Now that Koei Tecmo’s Nioh 2 is out in the wild, it’s likely most who have played it can attest to the fact that it’s no cake walk. It’s a bloody marathon, too.
By now, though, it’s probable that most who have dipped their toes into Sengoku-era Japan have gotten to grips with the game’s vigorous demands to some degree, be it in a large or small way. But for the subset of tentative would-be players who have yet to fully commit to the idea of bashing their heads against a wall at regular intervals just rest easy, as we’ve got some beginner’s tips to ease you in.
Adhere to the below five principals and you’ll be starting off your journey on the right foot.
Master the Yōkai Burst
The Yōkai Burst is the single most important addition to Nioh 2’s combat system, and it’s one you should really focus on mastering from the get-go. Explained here, the Yōkai Burst (L2 + Circle) is a barge that is used to disrupt an unblockable enemy attack and deal substantial Ki damage. These attacks can be telegraphed as they come with a distinctive audio cue as well as a scarlet glow that emanates from the enemy itself. You may notice throughout various boss encounters that your normal attacks – irrespective of stance – don’t seem to affect the boss’ health meter all that much, and because of that it’s vital that you take the fight to its Ki.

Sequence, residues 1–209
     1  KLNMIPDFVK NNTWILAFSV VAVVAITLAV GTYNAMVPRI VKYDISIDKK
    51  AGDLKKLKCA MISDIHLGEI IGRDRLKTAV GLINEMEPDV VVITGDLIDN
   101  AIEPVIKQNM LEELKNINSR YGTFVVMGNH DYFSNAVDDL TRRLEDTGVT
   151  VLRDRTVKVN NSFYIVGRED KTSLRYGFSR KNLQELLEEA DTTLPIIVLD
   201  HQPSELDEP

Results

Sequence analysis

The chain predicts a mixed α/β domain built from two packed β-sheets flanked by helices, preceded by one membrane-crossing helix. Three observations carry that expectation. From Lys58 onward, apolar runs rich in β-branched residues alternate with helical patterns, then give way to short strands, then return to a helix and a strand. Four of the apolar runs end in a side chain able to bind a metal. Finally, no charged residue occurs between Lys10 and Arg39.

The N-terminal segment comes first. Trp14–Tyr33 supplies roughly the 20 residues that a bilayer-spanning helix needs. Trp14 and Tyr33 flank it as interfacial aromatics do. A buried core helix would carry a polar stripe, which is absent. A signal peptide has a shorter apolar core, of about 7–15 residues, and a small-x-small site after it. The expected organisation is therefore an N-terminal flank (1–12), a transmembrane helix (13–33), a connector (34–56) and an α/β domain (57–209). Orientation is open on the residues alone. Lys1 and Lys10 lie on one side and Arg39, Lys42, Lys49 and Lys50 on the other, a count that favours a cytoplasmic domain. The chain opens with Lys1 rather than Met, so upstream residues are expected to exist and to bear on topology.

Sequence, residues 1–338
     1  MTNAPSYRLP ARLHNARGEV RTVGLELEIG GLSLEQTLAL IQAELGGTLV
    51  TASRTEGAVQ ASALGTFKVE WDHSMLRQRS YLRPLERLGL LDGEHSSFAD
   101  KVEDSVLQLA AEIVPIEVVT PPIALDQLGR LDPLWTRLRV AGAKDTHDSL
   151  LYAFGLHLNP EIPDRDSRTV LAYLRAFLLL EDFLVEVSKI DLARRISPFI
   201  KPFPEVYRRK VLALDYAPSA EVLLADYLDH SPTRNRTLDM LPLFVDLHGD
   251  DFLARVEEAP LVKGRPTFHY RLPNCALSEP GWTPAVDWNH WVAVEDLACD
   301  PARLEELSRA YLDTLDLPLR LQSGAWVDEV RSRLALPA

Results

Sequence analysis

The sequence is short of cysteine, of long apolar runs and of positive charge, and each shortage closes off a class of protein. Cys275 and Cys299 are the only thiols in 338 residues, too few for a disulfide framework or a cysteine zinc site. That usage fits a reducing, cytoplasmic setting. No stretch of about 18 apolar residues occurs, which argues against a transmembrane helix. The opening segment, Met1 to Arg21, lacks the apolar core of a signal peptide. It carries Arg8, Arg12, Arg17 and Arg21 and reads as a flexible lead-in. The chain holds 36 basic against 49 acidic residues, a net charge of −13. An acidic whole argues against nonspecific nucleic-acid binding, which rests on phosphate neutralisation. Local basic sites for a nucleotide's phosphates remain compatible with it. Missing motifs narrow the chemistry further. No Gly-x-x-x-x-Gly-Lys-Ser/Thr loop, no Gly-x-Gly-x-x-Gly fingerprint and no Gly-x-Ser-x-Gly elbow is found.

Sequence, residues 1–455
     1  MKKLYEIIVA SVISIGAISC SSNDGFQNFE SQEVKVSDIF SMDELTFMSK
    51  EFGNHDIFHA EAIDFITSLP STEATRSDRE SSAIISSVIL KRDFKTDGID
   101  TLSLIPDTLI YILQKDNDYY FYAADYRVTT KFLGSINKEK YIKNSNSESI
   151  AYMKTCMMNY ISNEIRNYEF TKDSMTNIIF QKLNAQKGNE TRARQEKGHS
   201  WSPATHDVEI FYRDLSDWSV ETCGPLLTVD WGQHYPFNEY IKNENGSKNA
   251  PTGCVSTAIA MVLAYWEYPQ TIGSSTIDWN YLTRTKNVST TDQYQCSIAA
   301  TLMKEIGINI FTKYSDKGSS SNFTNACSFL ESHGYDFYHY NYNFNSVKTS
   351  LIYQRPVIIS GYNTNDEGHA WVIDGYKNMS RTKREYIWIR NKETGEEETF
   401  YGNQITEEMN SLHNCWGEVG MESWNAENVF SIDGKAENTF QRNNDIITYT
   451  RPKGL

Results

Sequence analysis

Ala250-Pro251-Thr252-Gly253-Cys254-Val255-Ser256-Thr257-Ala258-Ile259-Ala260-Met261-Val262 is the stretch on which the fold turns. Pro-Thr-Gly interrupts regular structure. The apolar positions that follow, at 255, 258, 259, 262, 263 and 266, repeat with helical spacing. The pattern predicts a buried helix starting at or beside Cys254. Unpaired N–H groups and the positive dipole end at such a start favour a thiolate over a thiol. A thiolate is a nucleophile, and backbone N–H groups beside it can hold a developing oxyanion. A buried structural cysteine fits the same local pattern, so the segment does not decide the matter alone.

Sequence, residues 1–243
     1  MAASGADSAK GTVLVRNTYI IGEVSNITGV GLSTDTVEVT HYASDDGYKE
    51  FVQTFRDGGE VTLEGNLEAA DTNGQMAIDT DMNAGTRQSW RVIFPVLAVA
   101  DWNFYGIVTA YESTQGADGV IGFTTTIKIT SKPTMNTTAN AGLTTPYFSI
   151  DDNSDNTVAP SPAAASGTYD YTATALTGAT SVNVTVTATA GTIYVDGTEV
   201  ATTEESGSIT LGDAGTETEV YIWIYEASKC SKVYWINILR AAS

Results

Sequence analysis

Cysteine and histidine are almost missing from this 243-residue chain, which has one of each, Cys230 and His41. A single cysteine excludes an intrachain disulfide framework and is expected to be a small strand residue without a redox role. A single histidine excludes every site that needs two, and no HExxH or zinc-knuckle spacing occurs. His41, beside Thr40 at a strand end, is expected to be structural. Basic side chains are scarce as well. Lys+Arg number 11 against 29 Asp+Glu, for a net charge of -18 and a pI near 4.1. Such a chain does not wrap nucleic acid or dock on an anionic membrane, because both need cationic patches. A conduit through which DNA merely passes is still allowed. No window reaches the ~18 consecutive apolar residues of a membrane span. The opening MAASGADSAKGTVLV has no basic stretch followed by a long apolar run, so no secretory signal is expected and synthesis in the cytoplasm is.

Phantom, Feral, and Brute, all have different variations of the Burst Counter but the key principal remains the same. For the optimal results it’s best to chip away at a boss’ Ki where possible, fighting smartly with your guard up, and once their Ki is down to around an inch stop attacking until the opportunity for a Burst Counter presents itself.
Once it does, the Counter will stagger the boss and leave them open for a barrage of quick attacks followed by a grapple if you’re sharp enough (Triangle once the red symbol appears near their head) which deals sizeable damage before they retreat into the Dark Realm. Like Sekiro before it, always make sure you punish an enemy with the Yōkai Burst whenever you get the opportunity – it’ll be the difference between you winning or losing.